‘Sapiens’ Author Yuval Noah Harari Raises Alarm on AI Risks in Finance

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Key Takeaways

  • Yuval Noah Harari highlights the dangers of unregulated AI in the financial sector.
  • Harari discusses the role of financial instruments as trust mechanisms and expresses concern over the diminishing public understanding of complex financial systems.
  • Global warnings about AI risks include investment frauds and unrealistic promises by AI algorithms.

Yuval Noah Harari believes the rapid rise of AI innovation in the financial sector may lead to severe consequences due to the lack of regulation.

Renowned Israeli writer and historian Yuval Noah Harari warned that unregulated AI in finance could spiral out of control, leading to devastating consequences. He sounded the alarm about unchecked AI deployment in the financial sector.

Speaking at the Bank for International Settlements (BIS) Innovation Summit, Yuval Noah Harari emphasized the importance of preventing AI from becoming “completely unfathomable” and recommended effective regulation to mitigate misuse and adverse events.

Harari observed that financial instruments such as money and bonds serve as trust-building mechanisms, enabling millions of people to collaborate towards common goals.

Despite this trust, he cited a critical gap in making financial regulation accessible and understandable to the broader population while suggesting that only institutions can “keep humans in the loop.”

Harari further expressed concern over the public’s diminishing understanding of the financial system, pointing out that only a small fraction truly comprehends its complexities. Furthermore, he raised a thought-provoking question:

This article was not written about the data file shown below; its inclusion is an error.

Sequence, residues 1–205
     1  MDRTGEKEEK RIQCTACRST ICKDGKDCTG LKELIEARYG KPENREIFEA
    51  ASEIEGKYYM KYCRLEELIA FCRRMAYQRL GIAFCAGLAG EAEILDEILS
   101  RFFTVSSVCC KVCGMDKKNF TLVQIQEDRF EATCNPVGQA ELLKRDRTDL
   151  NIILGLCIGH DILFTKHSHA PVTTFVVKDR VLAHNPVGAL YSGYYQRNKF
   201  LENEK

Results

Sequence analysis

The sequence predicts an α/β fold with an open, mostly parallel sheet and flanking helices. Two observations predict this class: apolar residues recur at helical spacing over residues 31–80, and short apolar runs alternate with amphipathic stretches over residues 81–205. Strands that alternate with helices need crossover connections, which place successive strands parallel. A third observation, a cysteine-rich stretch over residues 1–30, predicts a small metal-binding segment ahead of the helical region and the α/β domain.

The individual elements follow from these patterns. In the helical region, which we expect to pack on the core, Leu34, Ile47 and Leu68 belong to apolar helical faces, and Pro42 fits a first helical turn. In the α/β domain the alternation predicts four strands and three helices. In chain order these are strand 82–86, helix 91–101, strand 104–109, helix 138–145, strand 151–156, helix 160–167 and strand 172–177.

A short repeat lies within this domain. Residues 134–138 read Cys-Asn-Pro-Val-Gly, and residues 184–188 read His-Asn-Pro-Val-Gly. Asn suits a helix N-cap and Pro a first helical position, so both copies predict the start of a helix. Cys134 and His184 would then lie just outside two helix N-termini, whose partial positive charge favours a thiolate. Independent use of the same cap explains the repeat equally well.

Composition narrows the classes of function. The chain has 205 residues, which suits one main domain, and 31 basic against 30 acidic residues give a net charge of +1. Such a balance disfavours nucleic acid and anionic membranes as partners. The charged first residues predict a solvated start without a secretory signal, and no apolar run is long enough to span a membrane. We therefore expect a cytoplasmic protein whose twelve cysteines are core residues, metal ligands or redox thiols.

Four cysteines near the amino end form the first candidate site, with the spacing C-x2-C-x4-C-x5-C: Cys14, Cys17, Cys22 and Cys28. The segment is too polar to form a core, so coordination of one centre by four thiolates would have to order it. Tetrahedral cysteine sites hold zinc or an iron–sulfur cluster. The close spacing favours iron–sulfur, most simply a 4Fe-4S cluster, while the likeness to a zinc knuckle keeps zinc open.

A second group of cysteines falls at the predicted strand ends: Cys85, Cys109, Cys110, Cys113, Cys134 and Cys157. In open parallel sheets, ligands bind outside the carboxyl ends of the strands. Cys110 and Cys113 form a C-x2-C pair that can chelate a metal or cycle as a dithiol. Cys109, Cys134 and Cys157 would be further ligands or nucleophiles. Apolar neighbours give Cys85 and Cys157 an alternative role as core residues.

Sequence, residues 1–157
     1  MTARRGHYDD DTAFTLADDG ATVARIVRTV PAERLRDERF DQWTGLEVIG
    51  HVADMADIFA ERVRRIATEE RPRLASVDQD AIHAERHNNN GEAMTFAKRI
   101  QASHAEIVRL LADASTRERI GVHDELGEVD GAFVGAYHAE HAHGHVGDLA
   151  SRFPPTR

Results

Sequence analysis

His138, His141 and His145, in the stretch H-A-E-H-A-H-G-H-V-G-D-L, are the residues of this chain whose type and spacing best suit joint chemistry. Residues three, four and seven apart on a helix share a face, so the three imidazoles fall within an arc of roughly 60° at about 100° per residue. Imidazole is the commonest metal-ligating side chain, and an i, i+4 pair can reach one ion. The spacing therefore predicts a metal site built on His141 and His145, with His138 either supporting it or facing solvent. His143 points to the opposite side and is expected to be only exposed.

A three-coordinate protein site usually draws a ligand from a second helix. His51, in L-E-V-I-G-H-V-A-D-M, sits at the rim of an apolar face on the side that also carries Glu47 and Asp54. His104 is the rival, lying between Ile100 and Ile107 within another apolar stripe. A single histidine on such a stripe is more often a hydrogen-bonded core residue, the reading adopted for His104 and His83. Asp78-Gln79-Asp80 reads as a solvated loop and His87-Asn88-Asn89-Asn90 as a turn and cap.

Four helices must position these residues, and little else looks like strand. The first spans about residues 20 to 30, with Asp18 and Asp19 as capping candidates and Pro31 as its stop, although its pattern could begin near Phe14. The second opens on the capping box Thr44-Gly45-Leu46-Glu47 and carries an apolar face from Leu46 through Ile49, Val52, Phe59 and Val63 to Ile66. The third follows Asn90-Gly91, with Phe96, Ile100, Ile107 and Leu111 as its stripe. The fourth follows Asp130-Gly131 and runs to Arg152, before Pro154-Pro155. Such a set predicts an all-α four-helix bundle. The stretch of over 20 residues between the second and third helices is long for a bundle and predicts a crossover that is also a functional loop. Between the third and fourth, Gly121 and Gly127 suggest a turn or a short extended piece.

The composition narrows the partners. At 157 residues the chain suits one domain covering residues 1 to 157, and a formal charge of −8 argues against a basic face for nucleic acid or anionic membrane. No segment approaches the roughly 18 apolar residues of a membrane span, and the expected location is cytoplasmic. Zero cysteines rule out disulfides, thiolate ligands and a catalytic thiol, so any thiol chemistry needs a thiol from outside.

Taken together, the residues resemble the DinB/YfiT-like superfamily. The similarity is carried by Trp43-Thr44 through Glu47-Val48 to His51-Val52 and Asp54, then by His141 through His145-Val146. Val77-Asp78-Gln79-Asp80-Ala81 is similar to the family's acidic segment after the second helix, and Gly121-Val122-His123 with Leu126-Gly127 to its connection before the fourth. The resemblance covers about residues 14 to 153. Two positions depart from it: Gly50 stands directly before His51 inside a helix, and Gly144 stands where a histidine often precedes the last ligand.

“What would happen if this understanding were to decline further, perhaps even to zero?”

The philosopher stated that AI is an advanced technology that operates on a fundamentally different level of reasoning compared to humans, which could lead to the creation of financial instruments “beyond” human comprehension.

In an AI-dominated financial world, trust would shift from humans to AI systems, leading to unprecedented implications. Particularly, this refers to economic crises, where politicians and regulators may be compelled to trust AI decision-making processes.

The Philosopher strengthened his arguments by drawing parallels to the 2007-2008 global financial crisis and the current AI revolution in finance. During the financial crisis, housing prices soared in the US, driving residents to take out loans they could not afford, leading to a surge in mortgage prime defaults.

Harari’s point about the 2007-2008 financial crisis is clear. The 2007 crisis was a clear case of financial innovation gone wrong. Regulators and financial institutions struggled to understand the risks associated with mortgage loans, leading to consequences for the global economy. With AI reshaping finance, governments could end up repeating history.

Global AI Concern Rises

Before Harari’s cautionary views on AI, other global regulatory agencies had been warning the public about the risks associated with AI.

Earlier this year, the SEC’s Office of Investor Education and Advocacy and the North American Securities Administrators Association and the Financial Industry Regulatory Authority issued a joint alert cautioning investors about the rise in investment frauds involving the purported use of AI and other emerging technologies.

Similarly, the Commodity Futures Trading Commission Office of Customer Education and Outreach issued a customer advisory advising against investing in schemes that promote “AI-created algorithms” promising guaranteed or unreasonably high returns.

In light of increased regulatory activity surrounding AI, experts believe global authority bodies will continue efforts to mitigate AI risks and ensure companies accurately represent their AI capabilities and the role of AI in their businesses.